Are you a Pickle Princess?
A Kraut Crusader?
A Dehydrating Diva?
A Canning King?
A Freezing Fanatic?
A Jam Jar Juggler?
We want to get Nova Scotians excited about PRESERVING OUR HARVEST, so we’re holding our first ever contest!
Send us your best canning or preserving story, or a picture that you took that really shows your enthusiasm for preserving the Nova Scotia harvest! This could be anything from a picture of you canning with all your friends, to a story of how you involve your kids when you ‘put food away’, to a favourite memory you have of using your local food in the middle of winter. Deadline for entries is Sept 30.
We’ll post them on our blog throughout the summer, and on October 3 we’ll draw from all the names of people who submitted something to us and the lucky winner will win a Fantastic Food-Preservation-Related PRIZE!!
Just e-mail us at firstname.lastname@example.org with your story or photo – or leave them in the ‘comments’ section below this post – and you will automatically be entered in the contest.
Here’s a sample story of my own from a few years ago to get ya’ll started….
I woke up early one Thursday morning to cut up cucumbers and zucchini so they could sit in salt during the day when I was at work (the salt draws out the moisture from the cut vegetables and keeps them crunchier once they’re pickled). Once I got home from work, my plan was to spend the entire evening in the kitchen, canning some bread and butter pickles and making venison meatloaf for a friend at work.
At work I was offered some free Blue Bomber tickets for a CFL football game that very evening. (I was living in Winnipeg at the time). I’m not the biggest football fan, but I’m not one to say no to free tickets so I accepted them, thinking that my husband could find a buddy to take to the game and I could continue my evening pickling plans. So when I got home, I got ready to make my pickles and started boiling the water in the canner. An hour later, after the first batch of pickles had been canned and I was into mixing up the venison meatloaf, my husband came to me and said he couldn’t find anybody to go with him to the game. The onus was on ME to accompany him to the damn football game. At this point, kickoff was about an hour and 15 minutes away. No problem, right?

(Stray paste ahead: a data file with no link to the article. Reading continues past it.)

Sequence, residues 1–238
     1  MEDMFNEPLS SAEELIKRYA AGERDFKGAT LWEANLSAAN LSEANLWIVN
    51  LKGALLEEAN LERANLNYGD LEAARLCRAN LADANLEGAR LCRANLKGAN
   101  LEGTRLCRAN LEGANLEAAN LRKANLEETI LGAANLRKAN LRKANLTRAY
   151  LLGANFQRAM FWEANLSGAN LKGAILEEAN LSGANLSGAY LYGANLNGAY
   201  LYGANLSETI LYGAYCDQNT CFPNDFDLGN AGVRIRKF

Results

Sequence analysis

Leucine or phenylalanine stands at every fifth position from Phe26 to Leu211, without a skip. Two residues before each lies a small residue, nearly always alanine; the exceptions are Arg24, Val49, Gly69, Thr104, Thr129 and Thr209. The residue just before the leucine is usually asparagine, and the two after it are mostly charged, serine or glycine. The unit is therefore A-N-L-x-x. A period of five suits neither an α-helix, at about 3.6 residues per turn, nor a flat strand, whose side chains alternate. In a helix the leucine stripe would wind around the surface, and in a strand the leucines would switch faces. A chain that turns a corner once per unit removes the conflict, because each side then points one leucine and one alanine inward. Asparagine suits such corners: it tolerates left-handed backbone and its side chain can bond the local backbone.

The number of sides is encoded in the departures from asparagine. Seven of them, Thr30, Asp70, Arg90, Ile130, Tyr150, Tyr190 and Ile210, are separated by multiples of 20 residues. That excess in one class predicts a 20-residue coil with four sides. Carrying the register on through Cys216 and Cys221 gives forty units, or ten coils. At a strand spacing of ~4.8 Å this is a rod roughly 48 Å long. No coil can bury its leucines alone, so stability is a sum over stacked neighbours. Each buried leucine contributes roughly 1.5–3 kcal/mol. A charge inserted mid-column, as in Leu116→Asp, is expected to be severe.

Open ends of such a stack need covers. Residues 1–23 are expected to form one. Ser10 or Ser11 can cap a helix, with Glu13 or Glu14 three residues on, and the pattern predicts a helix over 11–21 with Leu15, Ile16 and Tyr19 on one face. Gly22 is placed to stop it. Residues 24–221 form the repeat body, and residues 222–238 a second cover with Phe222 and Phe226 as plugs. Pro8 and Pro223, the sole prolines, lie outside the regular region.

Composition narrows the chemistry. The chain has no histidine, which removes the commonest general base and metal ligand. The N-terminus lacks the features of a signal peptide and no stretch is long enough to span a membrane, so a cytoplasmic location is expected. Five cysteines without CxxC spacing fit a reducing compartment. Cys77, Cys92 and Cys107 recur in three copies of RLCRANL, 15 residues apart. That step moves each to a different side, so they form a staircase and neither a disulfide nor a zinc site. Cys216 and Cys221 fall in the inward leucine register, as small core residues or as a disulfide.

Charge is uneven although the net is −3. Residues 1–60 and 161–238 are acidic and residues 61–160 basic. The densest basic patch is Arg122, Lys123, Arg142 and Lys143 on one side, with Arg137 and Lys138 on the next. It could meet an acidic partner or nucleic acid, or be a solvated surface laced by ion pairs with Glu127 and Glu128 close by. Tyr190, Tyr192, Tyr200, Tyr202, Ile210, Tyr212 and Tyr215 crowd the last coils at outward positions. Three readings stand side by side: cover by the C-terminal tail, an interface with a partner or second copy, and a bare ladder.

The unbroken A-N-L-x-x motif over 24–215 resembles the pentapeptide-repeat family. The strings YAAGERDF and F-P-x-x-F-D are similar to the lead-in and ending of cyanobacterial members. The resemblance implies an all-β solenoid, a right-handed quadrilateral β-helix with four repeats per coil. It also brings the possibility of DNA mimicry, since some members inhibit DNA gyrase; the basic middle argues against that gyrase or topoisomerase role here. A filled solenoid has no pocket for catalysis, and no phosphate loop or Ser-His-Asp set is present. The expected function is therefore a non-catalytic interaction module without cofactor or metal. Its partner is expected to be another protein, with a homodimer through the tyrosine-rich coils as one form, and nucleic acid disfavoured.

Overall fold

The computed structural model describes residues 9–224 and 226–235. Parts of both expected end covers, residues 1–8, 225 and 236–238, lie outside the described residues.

At about this time I checked my e-mail. There was a new message from the farmers from our CSA saying that there were extra FREE CUCUMBERS available for pick-up a couple of blocks away on a first come, first serve basis. My mind raced… If I could get Jeff to run over and pick up a couple more pounds of cukes, I could get the meatloaf in the oven in the meantime, and then when I got the cucumbers from Jeff, I’d cut them into slices and get them soaking in salt by the time the meatloaf was ready to come out of the oven in time to go to the football game, and then I could can them when we came home from the game! I could make it all work! We might miss the beginning of the game, but it would all work out!
For some reason my dear husband agreed to this plan and he ran off to fetch the free cukes. He must really love me. Or maybe he just loves pickles. I don’t know.
To make everything more unmanageable, I decided that I didn’t want to make sweet bread and butter pickles from this new batch of cucumbers – I wanted sour dill pickle rounds even though I had no dill. Wasn’t it convenient that we would walk by a large supermarket on our way to the football stadium? It certainly was a strange feeling to walk into the game with huge fronds of dill erupting from my purse – I got my share of heckling from the drunken football fans when they caught a glimpse of it, but I felt quite vindicated when the Bombers actually won the game, the first win of the season. I totally chalk that up to the power of dill. Anyway, the Bombers won, the second batch of pickles was successfully processed later that night and EVERYTHING WORKED OUT.
The moral of the story – pickles wait for no man. When it’s cuke season, you gotta work around the cukes!
Yours in Food,